What Are Outdoor Fire Pits Made Of?
Outdoor fire pits can be constructed from a wide variety of materials. Still, most homeowners favor one of two potential materials. These materials are all readily available, long-lasting, and able to withstand high heats. They are:
- Stone and Brick
The exact type of metal used tends to vary from model to model, but those who decide to build an outdoor fire pit from brick and stone almost always choose fire brick and large paving stones.
The safest materials for fire pits tend to include sand, brick, and stone.
Metal can rust and weaken, resulting in accidental fires, but stone or brick are unlikely to crumble or crack. However, the ideal fire pit material depends on your specific preferences and your project budget.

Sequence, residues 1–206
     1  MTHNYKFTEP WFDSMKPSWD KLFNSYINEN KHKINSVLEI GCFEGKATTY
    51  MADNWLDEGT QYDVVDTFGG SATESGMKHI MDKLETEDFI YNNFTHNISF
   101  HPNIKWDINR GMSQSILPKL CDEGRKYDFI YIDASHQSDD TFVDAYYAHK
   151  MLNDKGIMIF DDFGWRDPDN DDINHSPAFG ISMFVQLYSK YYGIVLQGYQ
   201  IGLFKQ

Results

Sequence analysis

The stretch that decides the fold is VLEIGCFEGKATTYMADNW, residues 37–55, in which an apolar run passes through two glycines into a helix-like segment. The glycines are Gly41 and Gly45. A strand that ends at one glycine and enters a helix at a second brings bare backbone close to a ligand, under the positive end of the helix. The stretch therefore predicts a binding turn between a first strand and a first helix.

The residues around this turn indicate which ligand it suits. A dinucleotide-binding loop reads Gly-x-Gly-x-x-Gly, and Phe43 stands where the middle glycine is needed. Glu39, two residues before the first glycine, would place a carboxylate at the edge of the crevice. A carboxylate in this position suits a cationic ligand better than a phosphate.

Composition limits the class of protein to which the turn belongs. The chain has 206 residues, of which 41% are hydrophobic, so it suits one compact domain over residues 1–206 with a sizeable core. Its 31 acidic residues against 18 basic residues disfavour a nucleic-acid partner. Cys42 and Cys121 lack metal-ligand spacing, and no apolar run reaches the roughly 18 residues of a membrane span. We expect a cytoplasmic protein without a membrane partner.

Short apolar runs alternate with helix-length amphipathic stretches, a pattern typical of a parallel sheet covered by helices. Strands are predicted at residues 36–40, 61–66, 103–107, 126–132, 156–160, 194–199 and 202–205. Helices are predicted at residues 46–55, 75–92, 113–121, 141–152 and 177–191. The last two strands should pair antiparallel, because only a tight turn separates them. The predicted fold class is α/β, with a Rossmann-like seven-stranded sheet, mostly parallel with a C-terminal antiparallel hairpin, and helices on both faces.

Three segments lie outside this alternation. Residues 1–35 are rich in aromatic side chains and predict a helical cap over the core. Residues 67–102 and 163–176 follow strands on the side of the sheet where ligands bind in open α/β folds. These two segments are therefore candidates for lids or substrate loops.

For example, brick and stone tend to be the most affordable materials, but they must be stacked and secured to build a safe fire pit, which requires a reasonable amount of labour and effort.
Metal fire pits are far easier to install, and they don’t leave a lasting mark on your lawn.
However, pre-manufactured pits are almost always more expensive than self-built varieties.
Stone and Brick
Building your own outdoor fire pit can be a rewarding experience. It can also be an affordable option for those unwilling to spend hundreds of dollars on a thick, metal model.
However, stone and brick fire pits often kill any grass beneath them and can make semi-permanent changes to a yard’s growth patterns.
Still, these fire pits typically only require a few hours of labour, and they can cost less than $100 to build.
In addition, stone and brick can don’t absorb as much heat as metal does.